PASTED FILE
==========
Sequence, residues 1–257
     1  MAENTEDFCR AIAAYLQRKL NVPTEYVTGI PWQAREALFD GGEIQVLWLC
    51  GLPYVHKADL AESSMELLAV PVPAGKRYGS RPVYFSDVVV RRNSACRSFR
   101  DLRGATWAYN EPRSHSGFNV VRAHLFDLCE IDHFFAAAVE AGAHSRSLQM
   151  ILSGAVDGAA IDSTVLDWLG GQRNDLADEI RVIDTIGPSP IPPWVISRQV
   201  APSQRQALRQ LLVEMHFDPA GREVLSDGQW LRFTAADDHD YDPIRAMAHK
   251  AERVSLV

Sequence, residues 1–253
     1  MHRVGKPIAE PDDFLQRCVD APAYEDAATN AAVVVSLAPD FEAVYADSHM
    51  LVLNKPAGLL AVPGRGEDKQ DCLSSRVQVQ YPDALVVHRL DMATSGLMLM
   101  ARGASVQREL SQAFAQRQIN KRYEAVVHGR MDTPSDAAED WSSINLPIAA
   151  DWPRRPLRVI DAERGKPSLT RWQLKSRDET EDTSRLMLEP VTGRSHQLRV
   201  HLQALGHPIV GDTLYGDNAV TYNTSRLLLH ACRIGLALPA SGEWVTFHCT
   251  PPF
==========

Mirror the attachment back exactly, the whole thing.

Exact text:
Sequence, residues 1–257
     1  MAENTEDFCR AIAAYLQRKL NVPTEYVTGI PWQAREALFD GGEIQVLWLC
    51  GLPYVHKADL AESSMELLAV PVPAGKRYGS RPVYFSDVVV RRNSACRSFR
   101  DLRGATWAYN EPRSHSGFNV VRAHLFDLCE IDHFFAAAVE AGAHSRSLQM
   151  ILSGAVDGAA IDSTVLDWLG GQRNDLADEI RVIDTIGPSP IPPWVISRQV
   201  APSQRQALRQ LLVEMHFDPA GREVLSDGQW LRFTAADDHD YDPIRAMAHK
   251  AERVSLV

Sequence, residues 1–253
     1  MHRVGKPIAE PDDFLQRCVD APAYEDAATN AAVVVSLAPD FEAVYADSHM
    51  LVLNKPAGLL AVPGRGEDKQ DCLSSRVQVQ YPDALVVHRL DMATSGLMLM
   101  ARGASVQREL SQAFAQRQIN KRYEAVVHGR MDTPSDAAED WSSINLPIAA
   151  DWPRRPLRVI DAERGKPSLT RWQLKSRDET EDTSRLMLEP VTGRSHQLRV
   201  HLQALGHPIV GDTLYGDNAV TYNTSRLLLH ACRIGLALPA SGEWVTFHCT
   251  PPF